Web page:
U.S. officials have not yet responded to the claims. But President Donald Trump reiterated U.S. allegations that Iran was behind the attack, telling the Fox News Channel that the incident had “Iran written all over it.”

UN chief urges probe into Gulf of Oman attacks

UN Chief Antonio Guterres urged Friday an independent probe to investigate recent attacks on two oil tankers in the Gulf of Oman.

“It is very important to know the truth,” Guterres told reporters at the UN’s New York headquarters. “Obviously, that can only be done if there is some independent entity that verifies those facts. So, whatever happens in the international community, we will be supportive of any initiative in this regard, provided it is truly independent.”

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Tasnim’s Photos, Videos of Rescue Operation after Tankers’ Incidents in Gulf of Oman

Front Altair was carrying 75,000 tons of naphtha, a petrochemical feedstock, according to Taiwan’s state oil refiner CPC, which chartered the vessel. The vessel was on fire but afloat.

The Kokuka Courageous was damaged in an incident that breached the hull above the waterline while en route from Saudi Arabia to Singapore. The ship is safely afloat

Hormozgan Maritime Search and Rescue Centre in Southern Iran has managed to evacuate the crew of the two large oil tankers hit by two successive blasts in the Sea of Oman on Thursday morning.

Tasnim has received photos and videos of the incident and rescue operation captured by Iranian Navy’s helicopter. They also include photos and videos of USS Bainbridge military ship in the area.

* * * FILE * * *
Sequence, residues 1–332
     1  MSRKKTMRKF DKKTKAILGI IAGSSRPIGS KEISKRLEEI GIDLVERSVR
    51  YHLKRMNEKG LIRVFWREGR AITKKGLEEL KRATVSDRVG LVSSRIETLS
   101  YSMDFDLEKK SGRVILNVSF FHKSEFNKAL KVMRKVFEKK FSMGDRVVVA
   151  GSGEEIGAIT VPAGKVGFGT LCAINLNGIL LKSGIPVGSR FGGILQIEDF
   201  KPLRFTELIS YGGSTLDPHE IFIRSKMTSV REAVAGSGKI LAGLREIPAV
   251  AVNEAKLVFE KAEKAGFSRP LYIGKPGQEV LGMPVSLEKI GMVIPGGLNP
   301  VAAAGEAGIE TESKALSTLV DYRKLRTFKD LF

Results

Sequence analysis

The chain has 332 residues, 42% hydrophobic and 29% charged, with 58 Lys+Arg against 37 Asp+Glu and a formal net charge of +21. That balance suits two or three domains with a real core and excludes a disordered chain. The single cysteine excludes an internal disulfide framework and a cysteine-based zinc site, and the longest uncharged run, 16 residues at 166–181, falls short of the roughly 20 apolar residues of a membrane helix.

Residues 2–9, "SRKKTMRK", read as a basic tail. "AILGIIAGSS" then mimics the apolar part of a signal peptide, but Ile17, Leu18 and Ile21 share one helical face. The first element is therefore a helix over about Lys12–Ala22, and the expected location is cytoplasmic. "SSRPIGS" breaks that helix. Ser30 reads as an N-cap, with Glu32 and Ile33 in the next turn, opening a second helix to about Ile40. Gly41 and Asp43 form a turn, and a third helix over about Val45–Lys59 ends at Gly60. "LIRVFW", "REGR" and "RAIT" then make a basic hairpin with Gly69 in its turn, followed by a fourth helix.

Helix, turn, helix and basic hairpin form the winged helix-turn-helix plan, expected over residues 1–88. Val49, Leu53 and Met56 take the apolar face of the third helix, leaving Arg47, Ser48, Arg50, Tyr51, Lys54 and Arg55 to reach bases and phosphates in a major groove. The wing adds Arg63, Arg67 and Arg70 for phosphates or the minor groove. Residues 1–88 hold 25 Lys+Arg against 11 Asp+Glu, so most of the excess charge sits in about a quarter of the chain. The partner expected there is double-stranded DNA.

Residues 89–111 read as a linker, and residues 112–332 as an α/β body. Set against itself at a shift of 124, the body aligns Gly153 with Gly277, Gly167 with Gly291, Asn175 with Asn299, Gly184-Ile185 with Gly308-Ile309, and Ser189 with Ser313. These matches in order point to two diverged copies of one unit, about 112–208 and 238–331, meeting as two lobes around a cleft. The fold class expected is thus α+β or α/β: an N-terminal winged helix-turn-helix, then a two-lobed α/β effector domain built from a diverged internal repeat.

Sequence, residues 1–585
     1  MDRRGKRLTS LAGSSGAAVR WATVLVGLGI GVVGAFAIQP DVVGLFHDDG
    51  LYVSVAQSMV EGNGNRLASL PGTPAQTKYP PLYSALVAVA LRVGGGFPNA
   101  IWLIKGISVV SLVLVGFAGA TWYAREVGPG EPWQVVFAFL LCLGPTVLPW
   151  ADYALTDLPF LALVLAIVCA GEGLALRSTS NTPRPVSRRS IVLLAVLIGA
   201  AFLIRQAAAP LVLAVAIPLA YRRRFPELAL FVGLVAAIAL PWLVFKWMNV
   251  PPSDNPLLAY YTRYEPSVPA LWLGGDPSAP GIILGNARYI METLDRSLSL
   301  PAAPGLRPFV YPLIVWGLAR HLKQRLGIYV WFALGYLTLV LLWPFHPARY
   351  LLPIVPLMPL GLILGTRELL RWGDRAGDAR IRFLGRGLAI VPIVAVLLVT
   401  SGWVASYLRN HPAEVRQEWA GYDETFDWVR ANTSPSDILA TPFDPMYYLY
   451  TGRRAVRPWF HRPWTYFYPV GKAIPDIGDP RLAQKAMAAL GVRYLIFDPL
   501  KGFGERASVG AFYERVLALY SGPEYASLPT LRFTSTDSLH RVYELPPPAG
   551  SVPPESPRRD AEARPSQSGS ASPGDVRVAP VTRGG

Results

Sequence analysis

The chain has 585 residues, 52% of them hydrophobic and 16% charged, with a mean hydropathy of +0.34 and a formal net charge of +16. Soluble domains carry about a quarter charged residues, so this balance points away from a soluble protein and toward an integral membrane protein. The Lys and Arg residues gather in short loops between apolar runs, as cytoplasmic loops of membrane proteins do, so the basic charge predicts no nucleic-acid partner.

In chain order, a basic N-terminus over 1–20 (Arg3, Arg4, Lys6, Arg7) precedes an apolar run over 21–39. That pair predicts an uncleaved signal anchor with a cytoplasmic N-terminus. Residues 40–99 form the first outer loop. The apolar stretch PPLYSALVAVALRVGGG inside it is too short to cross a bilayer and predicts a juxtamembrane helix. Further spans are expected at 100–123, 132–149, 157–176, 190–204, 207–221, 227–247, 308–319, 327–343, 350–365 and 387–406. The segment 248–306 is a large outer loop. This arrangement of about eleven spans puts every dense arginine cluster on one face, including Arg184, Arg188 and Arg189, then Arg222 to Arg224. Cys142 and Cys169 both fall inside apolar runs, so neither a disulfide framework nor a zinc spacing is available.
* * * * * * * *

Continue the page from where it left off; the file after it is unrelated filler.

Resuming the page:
US video not enough to blame Iran for tanker attacks: Germany

Video footage released by the US military to blame Iran for the recent attacks on two oil tankers in the Sea of Oman has been disputed even by Washington’s allies and Western analysts.

Less than a day after the US Central Command (CENTCOM) released the video late Thursday purportedly showing “Iranian sailors” removing a mine from the Japanese-owned Kokura Courageous’ hull earlier in the day, European governments — except for Britain — have so far refused to accept the US’ narrative that Tehran was to blame for the “suspicious” attacks.

They are reluctant to accept the White House’s claims at face value, and do not want to provide Washington with any pretext for war.

German Foreign Minister Heiko Maas said on Friday the video is not sufficient to prove the US claim that Iran was behind the attacks.

“The video is not enough. We can understand what is being shown, sure, but to make a final assessment, this is not enough for me,” Maas, who was in Iran earlier this week on an official two-day visit, told reporters in Oslo.

Nathalie Tocci, a senior adviser to European foreign policy chief Federica Mogherini also rejected the US allegations, saying, “Before we blame someone, we need credible evidence.”

Iranians are deeply rational actors, she said. And for Iran to have attacked a Japanese ship when the Japanese prime minister was in Tehran “is not an especially rational thing to do.”